Of course, there are personality factors at play here and not everyone has trouble unplugging, but the fact remains that removing the commute barrier that separates work from everything else can make it more difficult to create and maintain a healthy work-life balance.
So what can employers do to encourage their employers to do the work of balancing?
How to encourage employees to maintain a better balance
The most important thing that employers can do to encourage their employees to build a sustainable work-life balance is to communicate the fact that they care about their employees’ wellbeing. While employers might assume employees understand that their company values employee wellness, the boss-employee relationship is a complicated one.
Employers should be explicit and genuine when establishing the importance of work-life balance within the company. Tell them directly and outright that you want them to work hard, but not at the expense of their personal life or mental health.
Lead with culture
Beyond explicitly stating that work-life balance is important, one of the most effective ways of demonstrating that is to make it part of the company culture. Culture pervades every corner of the organization.
If the company culture is built around trust, care, recognition, flexibility, and employee wellbeing, then employees will be more likely to develop and maintain healthy habits around work-life balance.
Conversely, if employees are expected to respond to emails and messages on nights and weekends, or not encouraged to take earned paid time off (PTO) hours, they are more likely to work themselves into burnout.
Set the boundary through example
It’s also important that employees have a visible example of that culture at work within leadership. If employers are being told that work-life balance matters, but their superiors are consistently working weekends and not taking time off, they are likely to feel like the culture of employee wellbeing that you’re trying to build is disingenuous.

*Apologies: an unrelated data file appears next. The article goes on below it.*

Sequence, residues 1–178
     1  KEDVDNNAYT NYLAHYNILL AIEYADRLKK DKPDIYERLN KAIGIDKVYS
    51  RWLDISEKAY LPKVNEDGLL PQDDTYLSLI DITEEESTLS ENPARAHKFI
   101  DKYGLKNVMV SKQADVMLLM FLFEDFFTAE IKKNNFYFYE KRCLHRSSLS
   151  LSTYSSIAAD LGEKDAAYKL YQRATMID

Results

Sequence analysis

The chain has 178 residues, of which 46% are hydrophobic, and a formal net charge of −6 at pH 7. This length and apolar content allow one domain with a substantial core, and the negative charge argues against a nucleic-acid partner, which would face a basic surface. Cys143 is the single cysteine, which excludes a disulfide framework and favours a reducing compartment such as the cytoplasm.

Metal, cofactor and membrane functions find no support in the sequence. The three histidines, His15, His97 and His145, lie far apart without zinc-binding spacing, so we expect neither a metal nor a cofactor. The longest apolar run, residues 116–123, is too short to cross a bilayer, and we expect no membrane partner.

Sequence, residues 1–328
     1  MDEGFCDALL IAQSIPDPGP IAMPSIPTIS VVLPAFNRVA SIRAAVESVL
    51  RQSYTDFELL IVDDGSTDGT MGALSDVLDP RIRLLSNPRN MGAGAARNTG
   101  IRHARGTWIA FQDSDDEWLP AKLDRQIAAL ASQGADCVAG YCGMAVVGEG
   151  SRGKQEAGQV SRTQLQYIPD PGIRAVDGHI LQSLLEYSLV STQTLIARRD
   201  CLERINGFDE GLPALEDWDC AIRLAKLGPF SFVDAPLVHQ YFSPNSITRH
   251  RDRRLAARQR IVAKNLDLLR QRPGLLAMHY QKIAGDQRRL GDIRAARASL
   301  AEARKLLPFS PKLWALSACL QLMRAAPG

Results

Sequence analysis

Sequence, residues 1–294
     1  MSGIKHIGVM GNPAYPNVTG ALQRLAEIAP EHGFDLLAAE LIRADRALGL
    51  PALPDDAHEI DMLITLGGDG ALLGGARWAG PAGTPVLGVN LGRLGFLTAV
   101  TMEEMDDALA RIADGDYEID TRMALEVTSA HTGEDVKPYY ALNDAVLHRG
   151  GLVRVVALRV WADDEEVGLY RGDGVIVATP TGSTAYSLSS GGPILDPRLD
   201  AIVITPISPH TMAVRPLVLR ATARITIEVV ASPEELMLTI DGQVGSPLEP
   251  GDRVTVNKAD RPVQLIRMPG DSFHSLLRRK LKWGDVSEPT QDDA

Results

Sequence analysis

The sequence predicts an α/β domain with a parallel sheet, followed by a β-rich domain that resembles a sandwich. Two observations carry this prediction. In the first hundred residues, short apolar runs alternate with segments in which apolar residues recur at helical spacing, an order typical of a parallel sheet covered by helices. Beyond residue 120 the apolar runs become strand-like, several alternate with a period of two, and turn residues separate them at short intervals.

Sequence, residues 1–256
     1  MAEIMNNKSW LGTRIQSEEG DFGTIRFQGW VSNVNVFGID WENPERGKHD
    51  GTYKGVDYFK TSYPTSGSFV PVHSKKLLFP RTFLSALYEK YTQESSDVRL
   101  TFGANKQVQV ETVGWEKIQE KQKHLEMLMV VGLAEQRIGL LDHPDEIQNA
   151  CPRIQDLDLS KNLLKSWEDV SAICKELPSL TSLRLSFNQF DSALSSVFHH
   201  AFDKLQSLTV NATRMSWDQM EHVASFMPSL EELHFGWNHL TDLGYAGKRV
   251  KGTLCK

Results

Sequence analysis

Create smart policy
Employers can take things a step further by instituting a work-life balance policy. Whether it’s formal or informal, set clear and reasonable expectations about when and for how long your team should be working. If the expectation is 40 hours, state it as policy. If the rule is that no one is asked to work on the weekend, state it as policy.
Just remember that there may be some nuance here depending on industry and job type. Every workforce and every employee is different. What works best for one might not be best for others.
If you are building a flexible culture that allows employees to work whenever is best for them, make sure you’re not putting them in a work-time box. For example, if they like to work in the evenings or on weekends and that’s something you want to let them do, then make sure your policy doesn’t prevent them from doing that.
Use the right tools
Just as technology has given employees the ability to effectively work remotely, it’s also given employers the tools to track important indicators of employee wellbeing. Time tracking and productivity software can give essential workday insights that help employers understand their team’s workload and also empower employees. Seek out the tools that best suit your workforce and implement them across the organization.
The employee’s ability to maintain a healthy work-life balance is an essential factor in determining their productivity. Although it might be tempting to assume that the responsibility of achieving that balance lies solely with the employee, the reality is that the employer shares a large part of that responsibility.
Employers who understand this, and take the necessary steps to encourage a healthy work-life balance within their company, will be far more successful in the long run than those who don’t.
Ryan Plank is a content marketer with a degree in Journalism and a background in technology. He lives in Orlando, Florida, and is an avid golfer.